Migraines and Headaches on the Pain Scale
Headaches can be a sharp, throbbing or dull pain, and develop suddenly or gradually over time. Migraines, tension, or sinus headaches are more painful and can include additional symptoms like nausea and fatigue.
Migraine headaches pound or throb, and affect the entire head or shift from side to side. Headache symptoms can include light, noise, or odor sensitivity, blurred vision, nausea, loss of appetite, vomiting, paleness, fatigue, dizzines, and warm or cold sensations.
Tension headaches can range from mild to intense pain, and occur in the front, top, or sides of the head. Pain usually starts gradually in the middle of the day, and can last from minutes to days. Patients can be irritable, have muscle aches, difficulty sleeping, concentrating, and sensitivity to light and noise.
Sinus headaches cause deep and constant pain in the forehead, nose, and cheekbones. The pain can intensify with sudden head movements or neck strain, and cause nasal discharge, clogged ears, fever, and facial swelling.
Most headaches are caused by mental overactivity or problems with pain-sensitive head structures. Pain can be caused by brain chemical activity, nerve or blood vessels, neck muscles injuries or genetic predisposition. Secondary head pain can be a disease symptom that is mild (flu), moderate (trigeminal neuralgia), or a serious (stroke) condition.
Patients have a variety of treatments to choose from including self or alternative care, medications, and therapies.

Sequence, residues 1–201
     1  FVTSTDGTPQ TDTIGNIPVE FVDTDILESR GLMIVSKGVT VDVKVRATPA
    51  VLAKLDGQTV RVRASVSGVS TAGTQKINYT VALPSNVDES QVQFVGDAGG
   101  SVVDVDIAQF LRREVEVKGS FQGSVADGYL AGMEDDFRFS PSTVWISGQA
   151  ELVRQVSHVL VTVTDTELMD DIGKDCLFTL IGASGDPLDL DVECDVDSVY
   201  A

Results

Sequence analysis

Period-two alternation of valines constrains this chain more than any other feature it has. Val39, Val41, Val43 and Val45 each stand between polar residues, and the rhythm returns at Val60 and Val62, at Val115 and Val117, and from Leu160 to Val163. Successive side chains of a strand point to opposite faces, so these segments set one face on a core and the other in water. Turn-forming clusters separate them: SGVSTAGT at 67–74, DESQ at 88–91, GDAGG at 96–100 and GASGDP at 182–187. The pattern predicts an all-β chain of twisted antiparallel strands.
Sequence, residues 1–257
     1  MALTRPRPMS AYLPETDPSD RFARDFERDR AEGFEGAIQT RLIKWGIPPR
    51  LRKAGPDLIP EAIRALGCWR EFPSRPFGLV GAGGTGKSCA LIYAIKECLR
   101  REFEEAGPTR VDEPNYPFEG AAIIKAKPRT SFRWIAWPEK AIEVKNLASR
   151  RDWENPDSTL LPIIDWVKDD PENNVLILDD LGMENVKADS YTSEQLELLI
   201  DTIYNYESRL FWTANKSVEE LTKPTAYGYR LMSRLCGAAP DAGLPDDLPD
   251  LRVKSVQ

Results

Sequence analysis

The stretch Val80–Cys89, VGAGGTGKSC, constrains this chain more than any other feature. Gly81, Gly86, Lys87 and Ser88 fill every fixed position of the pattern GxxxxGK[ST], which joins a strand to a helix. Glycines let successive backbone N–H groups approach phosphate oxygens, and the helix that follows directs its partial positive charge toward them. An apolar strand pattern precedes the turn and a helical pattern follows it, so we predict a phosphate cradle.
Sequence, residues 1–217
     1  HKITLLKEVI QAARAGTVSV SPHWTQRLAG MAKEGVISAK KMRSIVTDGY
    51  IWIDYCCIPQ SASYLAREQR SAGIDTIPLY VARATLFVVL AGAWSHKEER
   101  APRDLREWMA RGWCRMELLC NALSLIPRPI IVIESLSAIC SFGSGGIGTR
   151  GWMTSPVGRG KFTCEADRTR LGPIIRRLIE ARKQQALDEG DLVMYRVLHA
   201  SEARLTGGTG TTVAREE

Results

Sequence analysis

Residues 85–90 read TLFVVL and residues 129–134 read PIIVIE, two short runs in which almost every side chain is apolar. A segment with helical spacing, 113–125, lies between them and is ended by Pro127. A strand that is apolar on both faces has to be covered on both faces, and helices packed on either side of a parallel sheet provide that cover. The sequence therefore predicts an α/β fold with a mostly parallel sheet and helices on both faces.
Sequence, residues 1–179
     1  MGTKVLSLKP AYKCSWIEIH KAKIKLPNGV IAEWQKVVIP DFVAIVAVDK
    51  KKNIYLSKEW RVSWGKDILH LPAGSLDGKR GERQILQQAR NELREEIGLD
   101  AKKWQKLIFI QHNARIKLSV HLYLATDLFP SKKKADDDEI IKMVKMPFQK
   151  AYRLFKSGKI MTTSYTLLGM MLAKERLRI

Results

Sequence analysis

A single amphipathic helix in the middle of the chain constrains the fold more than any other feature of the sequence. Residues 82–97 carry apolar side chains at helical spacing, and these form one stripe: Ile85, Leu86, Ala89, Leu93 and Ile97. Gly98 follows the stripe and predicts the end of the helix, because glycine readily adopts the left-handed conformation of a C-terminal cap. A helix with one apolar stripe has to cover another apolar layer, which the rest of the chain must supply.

Regular sleep, healthy foods, and exercise can help reduce headaches. Manage stress and pain with meditation, yoga, walking, and music. Avoid pain triggers like alcohol, certain foods, and poor posture.
Patients can take over-the-counter (OTC) acetaminophen or anti- inflammatory medications (ibuprofen or naproxen) to reduce mild to moderate pain. If that fails, physicians can treat pain with opioids (Codeine) or anticonvulsants , improve blood flow with beta blockers (Metoprolol), and affect serotonin with antidepressants or triptans .
Physicians might recommend acupuncture, massage, or talk therapy to help cope and alleviate headache pain.
Visit Your Doctor
Visit a doctor if your headaches become more frequent, severe, and unaffected with OTC medications. See your physician immediately if you are unable to work, sleep, or do basic activities of daily living.
Seek Emergency Care
A headache can be a symptom of a serious condition like a stroke, aneurysm, or tumor. Go to an emergency room or call 911 if you are experiencing the worst headache of your life and are having difficulty seeing, speaking, walking, or are vomiting, have high fever, or numbness.
To learn more about headaches, please visit the Mayo Clinic & WebMD